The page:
Report: Drivers spend less time on the road, but frustration grows
Austin police are still searching for a suspect in a possible road rage shooting that took place in East Austin on New Year's Eve.
- The shooting outside of Winn Elementary left one person with a gunshot wound.
Why it matters: It's the latest example of road rage in the area, and a new report from Austin insurance startup The Zebra, found that 1 in 5 drivers are increasingly irritated with their fellow motorists despite clocking fewer miles since the start of the pandemic.
By the numbers: The Texas Department of Transportation measures road rage only when it results in a crash — and when an officer determines it was a contributing factor.
- Road rage was a factor in at least 288 crashes over the last three years in Travis, Williamson and Hays counties, per state data obtained by Axios — with more such crashes in 2021 than the pre-pandemic year of 2019.
Of note: Road rage is not considered a crime, though it can lead to criminal activity. That makes it harder to track road rage incidents unless there are reports of assault or damage.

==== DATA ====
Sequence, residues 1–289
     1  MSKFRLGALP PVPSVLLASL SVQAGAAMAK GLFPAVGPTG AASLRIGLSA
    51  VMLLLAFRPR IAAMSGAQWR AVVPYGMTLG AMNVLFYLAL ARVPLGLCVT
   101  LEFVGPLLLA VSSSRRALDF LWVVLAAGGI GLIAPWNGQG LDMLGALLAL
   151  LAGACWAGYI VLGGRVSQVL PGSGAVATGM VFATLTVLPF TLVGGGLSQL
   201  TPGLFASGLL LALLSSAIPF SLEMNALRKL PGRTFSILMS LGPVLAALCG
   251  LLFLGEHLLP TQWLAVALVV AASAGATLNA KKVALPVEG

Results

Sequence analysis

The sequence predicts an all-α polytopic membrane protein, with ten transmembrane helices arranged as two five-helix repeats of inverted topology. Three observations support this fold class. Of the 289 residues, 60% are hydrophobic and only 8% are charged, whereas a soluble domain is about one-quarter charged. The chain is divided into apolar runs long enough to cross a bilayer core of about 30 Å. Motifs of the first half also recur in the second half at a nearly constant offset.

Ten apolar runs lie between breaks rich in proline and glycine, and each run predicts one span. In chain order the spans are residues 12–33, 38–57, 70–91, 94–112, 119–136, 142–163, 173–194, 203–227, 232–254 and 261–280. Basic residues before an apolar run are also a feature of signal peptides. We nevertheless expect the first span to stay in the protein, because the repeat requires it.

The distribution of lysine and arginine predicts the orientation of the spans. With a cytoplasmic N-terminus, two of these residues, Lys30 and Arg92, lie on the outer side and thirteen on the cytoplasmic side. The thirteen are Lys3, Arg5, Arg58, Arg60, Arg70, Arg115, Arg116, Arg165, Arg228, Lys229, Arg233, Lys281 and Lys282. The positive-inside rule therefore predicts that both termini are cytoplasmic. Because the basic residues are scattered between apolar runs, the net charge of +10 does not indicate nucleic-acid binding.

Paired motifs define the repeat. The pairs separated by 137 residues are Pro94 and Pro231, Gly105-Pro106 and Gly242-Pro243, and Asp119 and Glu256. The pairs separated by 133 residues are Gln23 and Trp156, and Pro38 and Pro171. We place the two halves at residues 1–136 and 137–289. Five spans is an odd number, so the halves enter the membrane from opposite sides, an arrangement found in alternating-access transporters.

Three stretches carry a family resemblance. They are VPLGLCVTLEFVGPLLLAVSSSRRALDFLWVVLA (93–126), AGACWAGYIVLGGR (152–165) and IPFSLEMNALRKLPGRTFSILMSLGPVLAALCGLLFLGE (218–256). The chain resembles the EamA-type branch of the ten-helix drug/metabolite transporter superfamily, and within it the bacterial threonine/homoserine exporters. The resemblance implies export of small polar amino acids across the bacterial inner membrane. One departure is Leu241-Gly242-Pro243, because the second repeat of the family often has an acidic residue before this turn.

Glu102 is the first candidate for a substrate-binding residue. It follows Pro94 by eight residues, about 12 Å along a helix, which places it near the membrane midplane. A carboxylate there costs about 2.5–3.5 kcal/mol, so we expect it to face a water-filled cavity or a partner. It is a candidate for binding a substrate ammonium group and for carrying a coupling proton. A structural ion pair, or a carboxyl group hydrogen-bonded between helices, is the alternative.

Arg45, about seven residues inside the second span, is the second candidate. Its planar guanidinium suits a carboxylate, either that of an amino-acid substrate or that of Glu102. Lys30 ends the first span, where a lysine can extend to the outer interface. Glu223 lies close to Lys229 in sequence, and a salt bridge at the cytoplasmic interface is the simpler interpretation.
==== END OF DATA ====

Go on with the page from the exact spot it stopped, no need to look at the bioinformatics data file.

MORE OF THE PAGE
But some signs indicate that road rage incidents continue to rise across the country. The Trace, a nonprofit news agency funded by Everytown for Gun Safety, reported that in the first six months of 2017, nearly two gun-related, road rage incidents occurred per day, more than doubling since 2014.
- The National Highway Traffic Safety Administration also reported an increase in fatal crashes linked to road rage between 2006 and 2015, the latest data available.
The more recent study from the Zebra found that roughly 35% of nearly 1,000 online respondents say they drive less, yet are more frustrated on the road.
- More than half of drivers said they're most frustrated on the highway. Those drivers believe others are reckless with fewer people on the road, and others mentioned that the pandemic brought an influx of residents — and drivers — into their areas, causing more traffic.
- Plus, distracted drivers are the leading source of anger or frustration. The study noted that about 1 in 5 drivers have reported a road rage incident to the police, but most do not report them.
More Austin stories
No stories could be found
Get a free daily digest of the most important news in your backyard with Axios Austin.